DGTL is highly aware of its environmental impacts and has one very clear goal; to become the world’s first circular festival. To meet this goal, we fundamentally redesign our events. All year round, we search for the latest technological breakthroughs and innovations to help us close material loops, eliminate CO2 emissions and increase environmental awareness.
Over the past couple of years, DGTL has intensively focused efforts on reducing its ecological footprint. These efforts have resulted in a sustainability program that we now implement at all of our events worldwide, named the “sustainable big three”: reusable hardcups, a smart energy plan and a meat-free menu. These alterations to the DNA of our events drastically lower our CO-emissions, help us save and reuse precious resources and enable us to keep our festival grounds clean.
But the “sustainable big three” is not where we stop and stand still. Our festivals have perfectly defined boundaries and are very similar to cities, as our visitors need drinks, food, electricity, sanitary facilities and shelter. This makes them perfect testing grounds for sustainable and circular technologies of tomorrow. As a result, the DGTL Amsterdam edition always pushes the boundaries of sustainability at festivals by experimenting with state-of-the-art innovations.
At DGTL, over 10.000 meat-free meals are consumed each day, creating a substantial organic waste stream and tens of thousands of used disposables. In 2018 however, DGTL introduced its first “Circular Foodcourt”, converting all of DGTL’s food waste (including the biodegradable disposable plates) to compost using an advanced composting machine. In doing so, we virtually eliminated food waste and moved away from plastic, proving that even large-scale food consumption can become completely circular.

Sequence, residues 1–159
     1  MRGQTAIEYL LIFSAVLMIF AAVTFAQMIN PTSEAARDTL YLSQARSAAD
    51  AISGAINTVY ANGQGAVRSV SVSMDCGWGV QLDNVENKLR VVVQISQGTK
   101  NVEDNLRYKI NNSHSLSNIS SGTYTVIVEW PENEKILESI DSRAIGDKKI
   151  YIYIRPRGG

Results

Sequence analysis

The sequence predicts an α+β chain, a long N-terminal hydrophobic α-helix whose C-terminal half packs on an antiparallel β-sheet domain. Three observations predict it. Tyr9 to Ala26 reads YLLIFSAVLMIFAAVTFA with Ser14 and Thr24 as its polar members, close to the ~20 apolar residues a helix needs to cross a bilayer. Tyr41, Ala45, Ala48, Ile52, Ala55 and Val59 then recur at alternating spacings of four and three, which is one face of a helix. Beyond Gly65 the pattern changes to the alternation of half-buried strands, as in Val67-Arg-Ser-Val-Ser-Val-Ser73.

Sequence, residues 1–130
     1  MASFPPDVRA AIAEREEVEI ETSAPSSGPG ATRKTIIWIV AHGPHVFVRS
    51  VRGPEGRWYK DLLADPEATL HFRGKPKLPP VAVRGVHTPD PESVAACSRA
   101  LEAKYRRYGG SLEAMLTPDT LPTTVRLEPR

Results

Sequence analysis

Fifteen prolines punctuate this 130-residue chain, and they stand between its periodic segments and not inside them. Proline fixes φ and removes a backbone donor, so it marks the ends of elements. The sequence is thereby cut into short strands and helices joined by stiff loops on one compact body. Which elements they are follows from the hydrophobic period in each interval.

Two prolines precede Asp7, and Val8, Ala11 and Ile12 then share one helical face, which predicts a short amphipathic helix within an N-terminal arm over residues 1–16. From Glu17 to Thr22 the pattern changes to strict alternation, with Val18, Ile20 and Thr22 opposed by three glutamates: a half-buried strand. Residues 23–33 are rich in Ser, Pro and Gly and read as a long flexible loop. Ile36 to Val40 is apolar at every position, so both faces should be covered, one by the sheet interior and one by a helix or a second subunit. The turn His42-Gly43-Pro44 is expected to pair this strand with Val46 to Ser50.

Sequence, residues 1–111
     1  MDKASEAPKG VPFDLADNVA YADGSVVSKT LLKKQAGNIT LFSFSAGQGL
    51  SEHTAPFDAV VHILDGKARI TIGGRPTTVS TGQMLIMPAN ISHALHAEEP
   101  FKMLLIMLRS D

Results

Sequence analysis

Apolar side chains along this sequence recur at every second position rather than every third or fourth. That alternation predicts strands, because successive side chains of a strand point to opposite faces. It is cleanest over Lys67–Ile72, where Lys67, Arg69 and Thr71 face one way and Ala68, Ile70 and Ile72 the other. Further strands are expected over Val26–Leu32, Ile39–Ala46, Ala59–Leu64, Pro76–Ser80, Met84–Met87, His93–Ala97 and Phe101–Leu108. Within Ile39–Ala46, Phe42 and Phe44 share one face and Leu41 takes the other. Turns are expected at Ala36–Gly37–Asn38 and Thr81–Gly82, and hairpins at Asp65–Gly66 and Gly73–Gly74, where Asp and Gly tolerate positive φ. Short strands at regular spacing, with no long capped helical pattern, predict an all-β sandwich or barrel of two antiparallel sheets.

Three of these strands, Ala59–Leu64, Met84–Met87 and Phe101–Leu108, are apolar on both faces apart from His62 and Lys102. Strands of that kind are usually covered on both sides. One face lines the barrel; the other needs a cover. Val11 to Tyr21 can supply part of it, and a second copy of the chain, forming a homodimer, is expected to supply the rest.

At DGTL Amsterdam 2018, waste became the resource for new products. As such, we moved away from waste collection areas, which are typically tucked away behind the scenes, to a “Resource Street”, which is central for all visitors to see. The Resource Street consisted of a recycle hub and a new technique called pyrolysis. The recycle hub works to separate all visitor waste, so the new “resources” can be picked up for further use. The pyrolysis installation turns bottle caps into oil, which in turn can be used to make new plastic. The most valuable component of the Resource Street is that it allows visitors to discover the value of their own waste and change the narrative from “waste as a problem” to “resources as a solution”.
SEMILLA SANITATION HUB
One of 2018’s innovations was the Semilla Sanitation Hub in collaboration with Innofest. Inside this 40ft shipping container, our tech-team converted urine into drinking water using pioneering technologies. The Semilla sanitation hub could prove to be a true lifesaver during crisis situations, focusing on providing clean drinking water in disasterous areas. Also, when miniaturized, the technology could be implemented in residential housing or self-sustaining communities.